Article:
Mr. ROWLAND: Exactly. He's ambitious. He's - he has a personality that is subtly manipulative in terms of getting other people to do what they do, and has a vision. He's - he was innovative. You know, he - you know, one of the things that he's most famous for was actually finding a way to transport heroin directly from Southeast Asia back to the United States in the coffins of dead American soldiers, which is kind of a grisly metaphor for the entire war, and certainly not something to be admired. At the same time, war profiteering didn't begin or end with Frank Lucas.
MARTIN: Let's play a clip from the fictional treatment of Frank Lucas, which is the "American Gangster" movie with Denzel Washington and Russell Crowe. Let's play that clip.
(Soundbite of movie, "American Gangster")
Unidentified Male Actor: How would you get to do it to the states?
Mr. DENZEL WASHINGTON (Actor): (As Frank Lucas) You know, don't worry about that.
Unidentified Male Actor: Who do you for (unintelligible)?
Mr. WASHINGTON: (As Frank Lucas) You never got to worry about that either.
Unidentified Male Actor: Who are you really?
Mr. WASHINGTON: (As Frank Lucas) Frank Lucas. It says right there in my passport.
Unidentified Male Actor: I mean, who you represent?
Mr. WASHINGTON: (As Frank Lucas) Me.
unidentified Male Actor: You think you're going to take a hundred kilos of heroin into the U.S. and you don't work for anyone? Someone is going to allow that?
Mr. WASHINGTON: (As Frank Lucas) That's right.
MARTIN: That always drives documentarians crazy when you, you know, bring in the fictional treatment. But the - I don't know what you want to call it, the iciness, the coolness, the kind of ice-water-running-in-his-veins quality that you're seeing in the Denzel Washington performance. Is that Frank Lucas as you know him?
Mr. ROWLAND: I think Denzel did a pretty remarkable job of sort of channeling the vibe of what I imagined Frank Lucas would've been 30 or 40 years ago when he was really in his physical prime as well as his - the top of his criminal career. The Frank Lucas that I've come to know isn't quite that icy. I mean, I think that the passage of time, he's been humbled to a great extent by circumstances.
MARTIN: Mr. Levin, I wanted to ask you the same question I asked Mr. Rowland is that these people dealt death on the streets, and the main people who suffered for it were African-American - people who took the drugs, people who sold the drugs, people who got caught up in the drug trade. Do you have any concern that you're glamorizing this?
Mr. LEVIN: I certainly…
Mr. LEVIN: I've certainly thought about it. We've screened the film, you know, before it was finished to many, many people - got a lot of input. You know, I'm at peace with it. I mean, look, I got to be honest. I think the war on drugs is a farce. You know, I'm not saying that heroin is good for you, but this whole war on drugs, which began in the early 1970s, right in this era.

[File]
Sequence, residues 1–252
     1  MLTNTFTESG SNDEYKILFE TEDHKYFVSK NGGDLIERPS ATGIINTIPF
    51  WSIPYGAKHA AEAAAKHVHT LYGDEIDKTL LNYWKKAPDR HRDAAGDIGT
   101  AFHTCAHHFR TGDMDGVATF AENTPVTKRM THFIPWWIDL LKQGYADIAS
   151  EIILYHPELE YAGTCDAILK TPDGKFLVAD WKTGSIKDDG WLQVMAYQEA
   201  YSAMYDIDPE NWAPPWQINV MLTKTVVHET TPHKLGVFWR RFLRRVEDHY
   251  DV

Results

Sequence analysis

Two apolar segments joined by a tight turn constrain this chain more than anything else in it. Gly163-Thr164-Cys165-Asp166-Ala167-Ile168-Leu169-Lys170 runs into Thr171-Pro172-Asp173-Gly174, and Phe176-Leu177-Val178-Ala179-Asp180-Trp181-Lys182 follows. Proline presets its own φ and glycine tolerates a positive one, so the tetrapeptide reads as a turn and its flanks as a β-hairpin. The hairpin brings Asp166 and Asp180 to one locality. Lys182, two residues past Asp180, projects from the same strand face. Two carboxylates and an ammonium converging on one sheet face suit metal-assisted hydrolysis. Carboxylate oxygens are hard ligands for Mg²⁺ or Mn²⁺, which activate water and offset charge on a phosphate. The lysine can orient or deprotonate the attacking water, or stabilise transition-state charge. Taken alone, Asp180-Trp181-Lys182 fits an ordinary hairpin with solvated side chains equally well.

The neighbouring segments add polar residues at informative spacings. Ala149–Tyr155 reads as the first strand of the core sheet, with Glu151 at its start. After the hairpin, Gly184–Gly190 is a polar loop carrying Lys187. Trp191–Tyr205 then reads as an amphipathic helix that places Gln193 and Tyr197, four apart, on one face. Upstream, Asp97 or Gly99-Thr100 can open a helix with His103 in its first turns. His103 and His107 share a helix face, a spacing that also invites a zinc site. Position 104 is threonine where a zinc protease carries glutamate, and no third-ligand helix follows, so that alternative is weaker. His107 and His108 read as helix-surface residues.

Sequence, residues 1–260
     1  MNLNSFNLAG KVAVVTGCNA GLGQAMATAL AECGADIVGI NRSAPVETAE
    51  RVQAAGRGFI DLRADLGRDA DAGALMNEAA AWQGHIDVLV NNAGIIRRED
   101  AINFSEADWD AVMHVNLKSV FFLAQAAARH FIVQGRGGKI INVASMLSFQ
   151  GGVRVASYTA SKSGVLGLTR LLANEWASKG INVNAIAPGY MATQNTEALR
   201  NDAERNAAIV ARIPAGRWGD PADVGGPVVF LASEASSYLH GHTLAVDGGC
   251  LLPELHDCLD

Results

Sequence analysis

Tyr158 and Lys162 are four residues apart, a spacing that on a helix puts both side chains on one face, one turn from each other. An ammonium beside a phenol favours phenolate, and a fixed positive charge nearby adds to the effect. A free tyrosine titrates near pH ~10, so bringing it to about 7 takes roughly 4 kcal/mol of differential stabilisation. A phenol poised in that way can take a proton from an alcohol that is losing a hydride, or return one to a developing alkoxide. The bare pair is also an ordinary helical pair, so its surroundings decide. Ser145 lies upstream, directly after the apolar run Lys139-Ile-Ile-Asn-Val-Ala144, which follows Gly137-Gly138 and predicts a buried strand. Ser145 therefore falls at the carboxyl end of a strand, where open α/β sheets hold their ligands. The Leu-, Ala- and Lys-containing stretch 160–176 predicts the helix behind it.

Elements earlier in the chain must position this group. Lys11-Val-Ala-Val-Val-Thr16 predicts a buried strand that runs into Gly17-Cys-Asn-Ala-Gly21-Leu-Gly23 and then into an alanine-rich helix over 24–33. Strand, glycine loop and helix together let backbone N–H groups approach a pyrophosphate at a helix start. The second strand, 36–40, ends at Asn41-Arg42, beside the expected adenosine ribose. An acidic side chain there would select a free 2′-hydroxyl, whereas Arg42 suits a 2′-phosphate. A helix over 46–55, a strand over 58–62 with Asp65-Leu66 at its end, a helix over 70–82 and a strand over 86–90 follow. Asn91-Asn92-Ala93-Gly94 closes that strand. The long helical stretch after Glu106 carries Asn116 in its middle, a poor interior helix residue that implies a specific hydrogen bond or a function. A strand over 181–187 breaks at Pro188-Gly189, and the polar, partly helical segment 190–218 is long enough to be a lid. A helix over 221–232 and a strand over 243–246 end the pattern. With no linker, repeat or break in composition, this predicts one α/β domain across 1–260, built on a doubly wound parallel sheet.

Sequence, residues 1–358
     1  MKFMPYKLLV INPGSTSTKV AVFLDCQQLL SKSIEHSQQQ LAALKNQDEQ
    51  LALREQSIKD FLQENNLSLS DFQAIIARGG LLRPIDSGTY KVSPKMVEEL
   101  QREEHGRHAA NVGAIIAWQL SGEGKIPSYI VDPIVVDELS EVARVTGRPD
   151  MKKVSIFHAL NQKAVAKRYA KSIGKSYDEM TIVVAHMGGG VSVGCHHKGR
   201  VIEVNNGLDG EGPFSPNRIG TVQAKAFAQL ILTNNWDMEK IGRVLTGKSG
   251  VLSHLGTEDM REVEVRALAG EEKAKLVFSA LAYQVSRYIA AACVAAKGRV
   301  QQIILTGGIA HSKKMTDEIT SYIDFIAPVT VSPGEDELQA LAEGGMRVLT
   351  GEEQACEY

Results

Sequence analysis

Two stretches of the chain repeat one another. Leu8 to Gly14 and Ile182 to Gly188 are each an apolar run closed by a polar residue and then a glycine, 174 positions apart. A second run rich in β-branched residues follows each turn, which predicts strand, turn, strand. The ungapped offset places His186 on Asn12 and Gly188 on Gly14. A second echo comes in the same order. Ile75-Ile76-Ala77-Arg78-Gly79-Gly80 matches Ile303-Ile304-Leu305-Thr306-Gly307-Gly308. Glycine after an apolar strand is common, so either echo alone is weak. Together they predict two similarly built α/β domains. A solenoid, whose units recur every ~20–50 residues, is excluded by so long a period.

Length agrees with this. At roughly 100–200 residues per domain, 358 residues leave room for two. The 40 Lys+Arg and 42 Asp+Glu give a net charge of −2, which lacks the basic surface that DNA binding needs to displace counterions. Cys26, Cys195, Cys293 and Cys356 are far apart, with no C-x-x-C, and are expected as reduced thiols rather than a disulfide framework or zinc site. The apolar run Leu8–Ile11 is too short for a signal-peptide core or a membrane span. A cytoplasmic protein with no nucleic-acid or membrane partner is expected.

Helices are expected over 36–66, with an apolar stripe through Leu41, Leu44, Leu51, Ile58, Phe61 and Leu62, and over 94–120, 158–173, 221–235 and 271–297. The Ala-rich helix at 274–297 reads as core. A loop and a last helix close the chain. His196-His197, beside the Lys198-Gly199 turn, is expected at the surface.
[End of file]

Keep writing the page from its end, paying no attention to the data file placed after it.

We're talking about the Rockefeller Law, Nixon launching the war on drugs. What has this thing turned into? It's basically just turned into a program - a war on our own poor people. And you're talking about black people. It's put, you know, thousands in prison. So I don't buy into the war on drugs at all. I think it's a total - it's the prohibition of our era. I'm not…
MARTIN: Is that partly why you made the film?
Mr. LEVIN: That's definitely part of my interest. I mean, I knew about Nicky Barnes when I lived in New York in the '70s. And it wasn't only the blacks. Yes, Harlem was decimated, there's no doubt about it, but, you know, go down to the Lower East Side, go to Times Square. Unfortunately, I had friends that were in that game also.
MARTIN: Sure. But as you pointed out that the majority of people who are in prison for drug-related crimes are African-American and Latino.
Mr. LEVIN: That's right. And that's the farce.
MARTIN: Even if they are not the majority of the consumers.
Mr. LEVIN: That's exactly the point. There you got it.
MARTIN: If you're just joining us, this is TELL ME MORE from NPR News. I'm speaking with Mark Rowland, a supervising producer for BET's "American Gangster" series, and Marc Levin, director of "Mr. Untouchable."
Nicky Barnes, tell me about hi.
Mr. LEVIN: Well, I think part of the fascination both with Nicky Barnes and Frank Lucas is, I guess, the story of ethnic succession. In other words, that we've had these gangster stories since the beginning of the 20th century. And first it was the Irish then the Jews and the Italians. And at the end of the '60s and the beginning of the '70s, as you said in the intro, you had the black exploitation film, but these two characters were real and operating. And in part of their myth and their story is they stood up to the whites, they stood up to the mafia and they said it's our turn. You know, we're going to run this business. We don't have to work for you anymore.
Lucas did it thorough importing on his own; Nicky did it with a very unusual relationship with some of the younger mafia guys — Mattie Madonna and crazy Joey Gallo. And also organizing what was called the Council, a group of other drug kingpins, most of them from Harlem, into a kind of a drug corporation, and controlling the distribution of heroin from the source, the distributor, right down to the street, and in doing that, making more money than anyone had.
(Soundbite of movie, "Mr. Untouchable")
Mr. NICKY BARNES (former gangster): I was Nicky Barnes. In the '70s, I was the heroin king in Harlem.
(Soundbite of gunshot)
Mr. BARNES: I've flowed the streets with powder.
Unidentified Man #2: He was an arrogant drug dealer that needed to be taken down.
Unidentified Man #3: He was the gangster. He was the man.
Unidentified Man #4: The Al Capone of Harlem, if you would.
Unidentified Woman: The Godfather.
MARTIN: Now, Mr. Levin, as I understand that Nicky Barnes is still under witness protection. So in the film, his face isn't shown.
Mr. LEVIN: Yeah, he is filmed in a silhouette and in close ups of his hands and - but now we couldn't reveal his identity.
MARTIN: Does he have any remorse about what he did?